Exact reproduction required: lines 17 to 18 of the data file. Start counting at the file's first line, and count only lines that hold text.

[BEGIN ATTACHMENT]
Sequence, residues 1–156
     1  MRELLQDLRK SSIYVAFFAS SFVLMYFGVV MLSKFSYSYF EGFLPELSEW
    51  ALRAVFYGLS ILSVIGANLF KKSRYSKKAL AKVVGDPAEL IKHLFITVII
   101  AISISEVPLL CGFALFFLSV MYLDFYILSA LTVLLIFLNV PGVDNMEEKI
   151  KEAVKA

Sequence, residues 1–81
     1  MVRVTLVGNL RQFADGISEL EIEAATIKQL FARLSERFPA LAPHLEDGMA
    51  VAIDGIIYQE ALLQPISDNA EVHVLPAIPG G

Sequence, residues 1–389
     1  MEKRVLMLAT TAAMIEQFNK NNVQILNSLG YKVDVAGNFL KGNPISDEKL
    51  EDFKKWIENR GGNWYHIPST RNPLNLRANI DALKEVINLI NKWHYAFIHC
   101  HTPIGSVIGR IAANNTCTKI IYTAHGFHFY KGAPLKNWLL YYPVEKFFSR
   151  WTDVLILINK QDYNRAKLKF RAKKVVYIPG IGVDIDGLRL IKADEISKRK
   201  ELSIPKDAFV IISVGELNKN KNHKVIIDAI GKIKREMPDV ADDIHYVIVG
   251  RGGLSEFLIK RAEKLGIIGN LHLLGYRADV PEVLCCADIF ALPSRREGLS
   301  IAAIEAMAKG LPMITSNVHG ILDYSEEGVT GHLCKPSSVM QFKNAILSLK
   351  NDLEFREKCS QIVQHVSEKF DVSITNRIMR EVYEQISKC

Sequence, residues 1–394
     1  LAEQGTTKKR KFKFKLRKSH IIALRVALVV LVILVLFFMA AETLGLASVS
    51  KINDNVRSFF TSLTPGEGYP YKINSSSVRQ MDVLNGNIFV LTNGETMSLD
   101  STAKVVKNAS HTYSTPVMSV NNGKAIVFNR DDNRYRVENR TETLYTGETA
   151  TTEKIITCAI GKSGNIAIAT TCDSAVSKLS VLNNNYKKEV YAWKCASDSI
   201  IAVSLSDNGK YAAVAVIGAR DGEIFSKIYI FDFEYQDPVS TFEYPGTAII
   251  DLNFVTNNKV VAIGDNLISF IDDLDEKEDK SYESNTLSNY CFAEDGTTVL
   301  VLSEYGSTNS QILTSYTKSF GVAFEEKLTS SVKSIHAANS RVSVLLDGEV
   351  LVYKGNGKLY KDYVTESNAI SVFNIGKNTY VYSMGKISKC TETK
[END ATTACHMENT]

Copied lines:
   351  NDLEFREKCS QIVQHVSEKF DVSITNRIMR EVYEQISKC

Sequence, residues 1–394